As for getting rid of carrying some things of your dog, such as food or his/her towel, you can always buy him some dog saddlebags. Personally, I do not like them much for the woods. Cocaí has her saddlebags, but she only uses them when we travel with all the gear on our backs through the city, in search of a new destination, not when we go hiking or camping. I prefer her to go free than carrying her stuff, but hey, it is an option.

Coqui contributing her bit



This would be the normal way, which includes activities such as going to regular campsites, camping in the woods for a season or make a multi-day route with the house in tow. Just a tip here: enjoy it!


This is especially important for dog backpackers, as well as for all those travelers on a budget. It involves camping for one night somewhere with the sole purpose of continuing the trip the next day. Normally it will be on the side of the road, after not having got any ride that afternoon, but if you are in a city or town by nightfall you can choose a park, a square, a gas station, etc. The latter, to be honest, is not what I like the most in the world, but sometimes there is no alternative (either because there are no accommodations nearby or because you are not allowed to enter with your dog). The first advice I can give you is to try to make sure this does not happen very often. For example, try to get on the road several hours before sunset. If, for some reason, you get stuck at the exit of the city, try to have located a safe point where you can spend the night. If it is a pet-friendly accommodation, great, but if it is an area where you can camp freely also perfect. Make sure it is fairly safe, that you do not bother anyone, set up your tent and enjoy dreaming (tomorrow will be another hard day!). If you get stuck in the middle of the road pitch your tent some meters away from the asphalt... If there is a forest somewhere over there, much better. I know it sounds a little weird if you have never done it, but I have never felt unsafe doing it. The worst thing that happened to me is that once a drunkard peed in my tent. This thing to do camping where you want, however, will not be possible in all corners of the world. In the next section we will make a brief review of the most tolerant countries and the least in terms of free camping (only the countries that I have been so far and of which I have more information).

No troubles in Canada for doing this


Perhaps, this is the point that most worries many, because free camping is not allowed everywhere (and we do not want to get a ticket). You can find yourself in a place where you are not allowed in any lodging with your dog, but you cannot camp either because it is forbidden... We do not want that to happen. There are many differences between nations in terms of camp legislation. In some countries you can camp in almost any place, while in others it is strictly prohibited, and you have to stick to the camping areas. If you are not sure if you can camp in a certain place and you think you might get a ticket, you can always sleep in the outdoors just with your sleeping bag. I mean bivouac.

I cannot make an exhaustive review of every place in the world now, but I can make a summary of some of the places where Cocaí and I have traveled. I will try to develop a specific post on this topic later. Also, in the section "My Dog Experience" of each country that we have visited, you can find extra information about wild camping.

Spain. We start with my beloved Spain. Very very very difficult. Probably one of the countries that most obstacles put at the time of camping. You can do it, but you expose yourself to a considerably high fine. Although 99% of the territory does not allow free camping, there are a few spots throughout the country that do allow it (note: on the island of Fuerteventura it is apparently legal). The legislation is a bit complicated because it depends on each Community and, in turn, on each City Council in particular. You can take a look on this post from Con Alforjas (it means With Saddlebags) in which they explain the situation very well, and include a collaborative map of the legal camping sites (only in Spanish).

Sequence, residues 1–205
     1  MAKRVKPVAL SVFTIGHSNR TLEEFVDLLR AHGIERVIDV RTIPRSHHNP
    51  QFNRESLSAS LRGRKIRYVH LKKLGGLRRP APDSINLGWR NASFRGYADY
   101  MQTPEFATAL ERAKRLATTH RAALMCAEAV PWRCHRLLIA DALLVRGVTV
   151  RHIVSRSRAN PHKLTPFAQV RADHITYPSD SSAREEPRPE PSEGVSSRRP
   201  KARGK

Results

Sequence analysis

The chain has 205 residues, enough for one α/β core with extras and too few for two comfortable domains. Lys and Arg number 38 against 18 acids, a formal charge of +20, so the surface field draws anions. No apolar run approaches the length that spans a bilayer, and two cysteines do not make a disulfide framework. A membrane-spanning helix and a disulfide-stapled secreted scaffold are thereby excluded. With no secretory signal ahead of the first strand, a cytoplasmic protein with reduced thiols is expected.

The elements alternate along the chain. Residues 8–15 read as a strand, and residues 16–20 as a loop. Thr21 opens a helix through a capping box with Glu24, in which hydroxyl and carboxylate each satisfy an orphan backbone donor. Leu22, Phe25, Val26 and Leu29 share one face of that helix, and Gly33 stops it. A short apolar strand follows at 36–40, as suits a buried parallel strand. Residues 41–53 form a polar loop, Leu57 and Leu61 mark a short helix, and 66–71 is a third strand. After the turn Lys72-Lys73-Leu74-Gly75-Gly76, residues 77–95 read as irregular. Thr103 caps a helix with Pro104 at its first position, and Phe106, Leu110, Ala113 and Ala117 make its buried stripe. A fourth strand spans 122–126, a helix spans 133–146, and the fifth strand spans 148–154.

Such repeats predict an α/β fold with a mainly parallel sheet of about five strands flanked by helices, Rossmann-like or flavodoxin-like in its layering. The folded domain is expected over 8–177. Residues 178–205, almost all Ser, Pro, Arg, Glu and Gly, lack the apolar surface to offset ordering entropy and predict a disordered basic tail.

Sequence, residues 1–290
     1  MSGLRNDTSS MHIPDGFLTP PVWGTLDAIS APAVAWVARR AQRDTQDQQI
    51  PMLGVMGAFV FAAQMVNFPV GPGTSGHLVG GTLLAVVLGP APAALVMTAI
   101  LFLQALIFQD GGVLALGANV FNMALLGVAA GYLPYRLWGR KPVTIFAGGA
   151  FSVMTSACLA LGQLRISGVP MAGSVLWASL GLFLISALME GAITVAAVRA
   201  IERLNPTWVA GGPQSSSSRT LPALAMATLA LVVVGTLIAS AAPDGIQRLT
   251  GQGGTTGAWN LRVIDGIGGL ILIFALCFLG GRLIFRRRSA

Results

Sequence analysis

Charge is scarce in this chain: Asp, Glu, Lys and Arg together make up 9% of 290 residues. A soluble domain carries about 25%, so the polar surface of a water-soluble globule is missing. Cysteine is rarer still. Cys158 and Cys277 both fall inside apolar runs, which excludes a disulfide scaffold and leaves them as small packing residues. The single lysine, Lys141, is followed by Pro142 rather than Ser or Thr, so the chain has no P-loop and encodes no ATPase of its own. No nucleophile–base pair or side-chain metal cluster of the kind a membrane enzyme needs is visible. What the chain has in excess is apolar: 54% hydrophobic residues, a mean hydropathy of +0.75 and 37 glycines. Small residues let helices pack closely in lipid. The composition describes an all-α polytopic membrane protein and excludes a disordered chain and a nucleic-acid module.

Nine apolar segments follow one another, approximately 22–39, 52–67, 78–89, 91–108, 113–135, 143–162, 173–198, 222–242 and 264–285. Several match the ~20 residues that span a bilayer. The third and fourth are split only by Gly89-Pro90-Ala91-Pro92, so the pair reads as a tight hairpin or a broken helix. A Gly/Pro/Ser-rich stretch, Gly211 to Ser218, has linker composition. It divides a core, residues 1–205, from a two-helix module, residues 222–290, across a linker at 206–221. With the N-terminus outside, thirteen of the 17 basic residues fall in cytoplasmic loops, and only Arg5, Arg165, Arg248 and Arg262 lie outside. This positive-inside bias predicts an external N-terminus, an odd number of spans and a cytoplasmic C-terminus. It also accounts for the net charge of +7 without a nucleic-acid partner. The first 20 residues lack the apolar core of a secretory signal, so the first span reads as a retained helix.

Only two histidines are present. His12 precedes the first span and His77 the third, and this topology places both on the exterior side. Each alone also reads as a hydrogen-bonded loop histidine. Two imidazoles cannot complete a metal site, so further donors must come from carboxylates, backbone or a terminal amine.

Europe. Generally, they are strict with the issue of free camping, with large differences between one country and another. For example, in Spain, Portugal or Italy it is strictly prohibited. On the other hand, the Nordic countries, the United Kingdom, France, Poland and others tend to be more permissive. However, it is difficult to find a piece of "legal" land in general in European territory (except, perhaps, in the Scandinavian countries). Take a look at the blog of Con Alforjas, which, again, explains it quite detailed (only in Spanish).

Map showing the European countries more (in blue) and less (in red) tolerant towards free camping. Taken from Con Alforjas.

Latin America. There is much less regulation in general, which favors a very permissive situation. At least in the countries in which I have been traveling: Brazil, Argentina, Chile, Bolivia, Peru, Ecuador, Mexico. You will not have problems when camping in wild areas, and they may even leave you “settle down” in town squares, gas stations, etc. This is how we want to travel with our tent!

North America. Unlike Europe, here, where there are also too many rules everywhere, it is easy to find areas that allow camping. So much so that many times you can camp on one side of the road. Both USA and Canada are quite permissive countries when it comes to letting you pitch your tent in the woods. There are limits, such as in National Parks, where you usually must stick to official campsites (unless you are in the wilderness area, where they usually let you camp free), but generally speaking it works very well. In the USA you can camp in everything that is BLM (Bureau of Land Management), that is, lands of public domain, as well as in the National Forests. In Canada you can camp almost anywhere, either in a forest or on the side of the road. Very well the two countries in this regard.


Regardless of the restrictive regulations of some places, camping is simple. If you have never camped you will see that it is not something complex and that you do not need to do any course for it. Your backpack will give shelter to all the camping gear, as if it had always been there, and in just a few days you will be an expert “builder” of your tent, which will become your new transportable home. Under the best scenarios (you can choose them), many times with a sky full of infinite stars.